London, August 27 : An astounding number of seven shipwrecks, up to 350 years old, has been discovered by divers, at the bottom of the Thames River in London, UK.
According to a report in the Evening Standard, the discovered ships include a warship that was blown up in 1665, a yacht converted to a Second World War gunboat, and a mystery wreck in which divers found a personalised gin bottle.
The vessels, in the Thames Estuary, are just some of about 1,100 ships, which went down in the whole of the river. The salvage by Wessex Archaeology and the Port of London Authority, which regulates the river, was both historical and practical.
Jagged metal from the wrecks, which stick out of the mud, silt, and gravel act as a 'can-opener' that can split apart vessels, especially large container ships which can skim within half a metre of the riverbed.
The operation was filmed for the BBC and took four months, using a dozen divers who used 3D survey equipment to locate the wrecks in near-zero visibility.
"This is the first time it's been done on this scale on the Thames, clearing to such depths - down to 16 metres - to get at ships this big," according to Frank Pope, the marine archaeologist who led the research.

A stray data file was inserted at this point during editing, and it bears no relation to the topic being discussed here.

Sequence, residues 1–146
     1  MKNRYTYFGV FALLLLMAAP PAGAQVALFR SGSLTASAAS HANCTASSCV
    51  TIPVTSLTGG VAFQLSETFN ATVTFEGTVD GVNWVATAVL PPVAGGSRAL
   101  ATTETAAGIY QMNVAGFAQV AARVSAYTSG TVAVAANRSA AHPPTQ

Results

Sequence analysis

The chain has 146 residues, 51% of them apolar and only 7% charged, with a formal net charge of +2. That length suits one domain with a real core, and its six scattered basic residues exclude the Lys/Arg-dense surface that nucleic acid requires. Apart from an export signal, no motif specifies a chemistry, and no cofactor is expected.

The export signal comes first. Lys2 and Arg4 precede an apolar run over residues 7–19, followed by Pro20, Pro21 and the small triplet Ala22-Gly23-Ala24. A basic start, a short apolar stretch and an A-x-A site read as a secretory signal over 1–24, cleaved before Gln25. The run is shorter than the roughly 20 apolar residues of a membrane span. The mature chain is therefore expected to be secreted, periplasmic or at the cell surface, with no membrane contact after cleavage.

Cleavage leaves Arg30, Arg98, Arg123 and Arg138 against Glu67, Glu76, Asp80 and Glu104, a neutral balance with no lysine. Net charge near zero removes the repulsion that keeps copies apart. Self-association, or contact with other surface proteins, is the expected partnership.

HMS London, the oldest wreck, was found near Southend.
It was collected by Charles II from Sweden during the Restoration. The 90-cannon warship was blown up accidentally in peacetime in 1665, just a year after its launch, killing 300 people.
Another important find was the Dovenby, a 70-metre, three-masted steel cargo ship carrying guano for fertiliser from Peru to Antwerp. It sank in 1914 after crashing into steamship Sindoro in fog, north of the Isle of Sheppey.
Other disocveries included the HMS Aisha, a yacht requisitioned to become part of "Dad's Navy" in the Second World War. It hit a mine north of the Isle of Sheppey in October 1940.
Finds from the various ships included cups, plates, well preserved leather shoes, bricks, the rare steel sailing mast of the Dovenby and a deck beam from the Aisha.
According to Richard Everitt, chief executive of the Port of London Authority, "This is the largest operation of its kind since submarine defences were removed at the end of the Second World War."
"We co-ordinated the whole process because we felt it was right we should get a long-term record of the history of Britain's second-largest port, and this very important part of the country's economy," he added.